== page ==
Suppose I have a population of observations I want to model as being drawn from some distributional family, which I believe adequately represents the true distribution. My goal is to estimate the parameters of this distribution.
Suppose further that observations of my variable of interest are randomly missing, and the probability of missingness increases monotonically with the percentage by which the true value exceeds the value as estimated from the non-missing values, i.e. the error term in a semi-log or log-log regression of the variable of interest on the rest of the variables in the non-missing cases. In other words, for missing cases the value estimated by the regression is a lower bound of the true value. Missing observations appear as a visible blank – think of them as refusals to answer a survey questionnaire.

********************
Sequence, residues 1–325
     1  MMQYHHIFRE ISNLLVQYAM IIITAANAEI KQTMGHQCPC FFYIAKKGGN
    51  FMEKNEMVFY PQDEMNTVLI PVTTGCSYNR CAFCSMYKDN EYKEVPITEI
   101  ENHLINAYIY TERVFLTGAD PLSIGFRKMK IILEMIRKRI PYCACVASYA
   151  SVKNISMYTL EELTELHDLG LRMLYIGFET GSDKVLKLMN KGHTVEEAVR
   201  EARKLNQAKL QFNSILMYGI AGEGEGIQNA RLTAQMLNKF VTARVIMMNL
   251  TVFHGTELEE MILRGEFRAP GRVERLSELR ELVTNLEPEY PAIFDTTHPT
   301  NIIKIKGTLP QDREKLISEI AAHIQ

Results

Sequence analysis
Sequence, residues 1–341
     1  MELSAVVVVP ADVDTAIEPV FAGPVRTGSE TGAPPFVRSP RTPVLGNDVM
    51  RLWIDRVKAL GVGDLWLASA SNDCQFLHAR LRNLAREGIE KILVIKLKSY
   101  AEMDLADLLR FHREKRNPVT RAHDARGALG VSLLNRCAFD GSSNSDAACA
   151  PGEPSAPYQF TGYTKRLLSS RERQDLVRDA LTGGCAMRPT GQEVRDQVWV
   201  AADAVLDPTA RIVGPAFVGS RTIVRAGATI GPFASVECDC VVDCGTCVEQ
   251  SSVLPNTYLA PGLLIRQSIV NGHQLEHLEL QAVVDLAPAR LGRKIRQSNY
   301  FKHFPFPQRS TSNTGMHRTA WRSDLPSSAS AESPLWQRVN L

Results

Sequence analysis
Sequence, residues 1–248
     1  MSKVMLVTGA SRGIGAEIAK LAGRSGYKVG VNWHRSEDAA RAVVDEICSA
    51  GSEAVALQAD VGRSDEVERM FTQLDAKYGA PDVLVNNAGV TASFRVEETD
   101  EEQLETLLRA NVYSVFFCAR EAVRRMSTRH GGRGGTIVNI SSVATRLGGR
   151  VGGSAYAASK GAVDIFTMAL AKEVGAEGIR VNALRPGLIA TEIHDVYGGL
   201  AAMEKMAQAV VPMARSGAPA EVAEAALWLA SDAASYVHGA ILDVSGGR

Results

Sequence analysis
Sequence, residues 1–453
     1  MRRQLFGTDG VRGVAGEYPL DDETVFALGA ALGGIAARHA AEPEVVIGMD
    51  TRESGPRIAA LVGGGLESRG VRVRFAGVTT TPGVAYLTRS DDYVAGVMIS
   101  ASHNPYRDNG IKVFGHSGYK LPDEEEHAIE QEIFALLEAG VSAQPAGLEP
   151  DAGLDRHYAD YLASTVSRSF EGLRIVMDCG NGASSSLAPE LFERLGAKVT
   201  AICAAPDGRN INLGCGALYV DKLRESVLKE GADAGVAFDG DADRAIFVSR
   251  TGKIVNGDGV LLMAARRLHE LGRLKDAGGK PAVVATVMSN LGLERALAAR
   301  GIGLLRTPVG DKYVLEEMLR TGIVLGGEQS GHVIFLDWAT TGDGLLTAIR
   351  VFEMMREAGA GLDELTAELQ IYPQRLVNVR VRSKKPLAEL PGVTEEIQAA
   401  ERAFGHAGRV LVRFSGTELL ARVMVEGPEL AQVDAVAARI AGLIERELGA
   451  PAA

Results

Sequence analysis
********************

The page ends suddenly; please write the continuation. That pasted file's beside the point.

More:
Finally, suppose that know that the probability that an observation will be missing is a known, increasing function of the (unobservable) error as described above, both as to form and parameters.
Can the visible observations from the population, together with the assumption of its distributional family, observations of missing values and the knowledge of the distribution of the probability of missingness, suffice to allow me to correctly estimate the parameters of the full distribution? If so, how? If not, why?